There are many ways that brands can create and nurture communities of customers, about whom they now know much more. Taking a life cycle view of consumers and talking to them in a relevant and authentic manner are both critical. For subscription DTC businesses, churn management and maximizing lifetime value are also absolutely critical, and brands have to maintain a dialogue with customers to encourage them to keep seeing value in their purchase. In other cases, there may be a role for a loyalty or advocacy program to reward and encourage customers to maintain ongoing engagement. Either way, the level and goal of consumer engagement for a DTC brand are an order of magnitude higher than for traditional brands. Procter & Gamble’s Tide laundry detergent, for example, instituted a subscription service for its Tide pods, as well as an on-demand laundry service in select cities. Together these services build ongoing, habitual relationships with Tide customers.
Increased control over the customer experience. DTC allows brands to decide how and where they engage with customers, the types of messages that reach those customers, and — by extension — the essence of the brand.
Higher-margin sales. Selling direct to consumers eliminates third parties and expands margins. However, in addition to the cost of acquisitions, brands need to use those higher gross margins to offset new costs, such as for shipping, staff, packaging and rent.
Deeper customer loyalty and lifetime value capture. Dealing direct lets brands take control of their lifetime value and benefit from recurring economics, particularly through subscription models.
Larger quantity and better quality of consumer data. Data is the key to personalization, and the direct model puts that in the hands of the brand.
Limited brand exposure to shocks/disruption within the traditional value chain. The retail graveyard, from Toys R Us to Sears, makes clear the risks in the retail landscape. A mature DTC strategy provides a hedge against these shifts, letting brands weather downstream change.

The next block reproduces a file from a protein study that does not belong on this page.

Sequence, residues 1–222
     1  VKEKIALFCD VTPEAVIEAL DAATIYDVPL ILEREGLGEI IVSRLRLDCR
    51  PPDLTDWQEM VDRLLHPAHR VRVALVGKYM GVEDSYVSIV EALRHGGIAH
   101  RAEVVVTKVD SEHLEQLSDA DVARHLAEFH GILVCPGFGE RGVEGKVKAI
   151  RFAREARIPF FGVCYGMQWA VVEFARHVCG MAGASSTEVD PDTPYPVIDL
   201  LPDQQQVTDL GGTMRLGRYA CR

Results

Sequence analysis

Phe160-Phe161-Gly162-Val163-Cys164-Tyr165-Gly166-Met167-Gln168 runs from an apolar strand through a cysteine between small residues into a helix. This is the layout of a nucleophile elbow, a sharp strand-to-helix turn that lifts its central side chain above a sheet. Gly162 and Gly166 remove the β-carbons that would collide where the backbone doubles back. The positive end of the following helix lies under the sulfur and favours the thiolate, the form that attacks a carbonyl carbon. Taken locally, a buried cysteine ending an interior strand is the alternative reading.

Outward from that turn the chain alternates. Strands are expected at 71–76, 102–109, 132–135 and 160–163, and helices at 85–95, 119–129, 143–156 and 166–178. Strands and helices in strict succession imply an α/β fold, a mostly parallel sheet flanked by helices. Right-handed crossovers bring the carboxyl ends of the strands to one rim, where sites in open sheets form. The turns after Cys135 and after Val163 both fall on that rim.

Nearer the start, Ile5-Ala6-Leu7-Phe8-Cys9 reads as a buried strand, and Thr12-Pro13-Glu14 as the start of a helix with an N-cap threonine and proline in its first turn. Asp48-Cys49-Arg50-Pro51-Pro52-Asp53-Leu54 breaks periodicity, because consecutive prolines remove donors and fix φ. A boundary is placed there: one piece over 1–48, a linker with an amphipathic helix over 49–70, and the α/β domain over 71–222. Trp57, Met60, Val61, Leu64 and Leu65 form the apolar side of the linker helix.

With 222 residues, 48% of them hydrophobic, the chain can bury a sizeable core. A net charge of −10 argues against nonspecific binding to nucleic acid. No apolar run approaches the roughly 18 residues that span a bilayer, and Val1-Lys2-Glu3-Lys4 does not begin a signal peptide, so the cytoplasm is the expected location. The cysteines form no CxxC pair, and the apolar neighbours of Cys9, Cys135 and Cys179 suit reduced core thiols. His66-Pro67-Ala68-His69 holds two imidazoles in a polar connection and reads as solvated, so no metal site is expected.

In spite of all the benefits that a focused DTC strategy will yield, brands looking to develop one will face several challenges. One is how to balance the needs of any current channel partners. Another is how to develop capabilities that will allow brands to reach — and understand — their customers. In order to successfully develop those capabilities within the “acquisition” and “engagement” phases, brands need to build and maintain the knowledge and skills necessary to identify, reach and message their customers. That could mean investing in new infrastructure and talent across the organization — from sales and marketing to technology, analytics and more. And to support their sales strategy, they will need to build infrastructure, which could include anything from an online review platform to real estate for a flagship or pop-up store.
As consumers expect more personalized engagement from their brands, those brands can stay relevant if they develop an effective Total DTC strategy covering the three stages of the customer life cycle.
How brands implement their strategy will depend on who their customers are and what the brand hopes to achieve, and brands must create a tailored approach. For example, some will rely solely on digital components of DTC, while others will go broader. Some may choose to focus on using DTC as a way to maintain customers, while others may focus on sales or the acquisition of new customers. Some will look to purchase these capabilities (or even to purchase another native DTC brand), some will partner, and others will develop their capabilities organically. Regardless, the bar will keep on rising, and brands that fully embrace a Total DTC approach will be best positioned to stay ahead.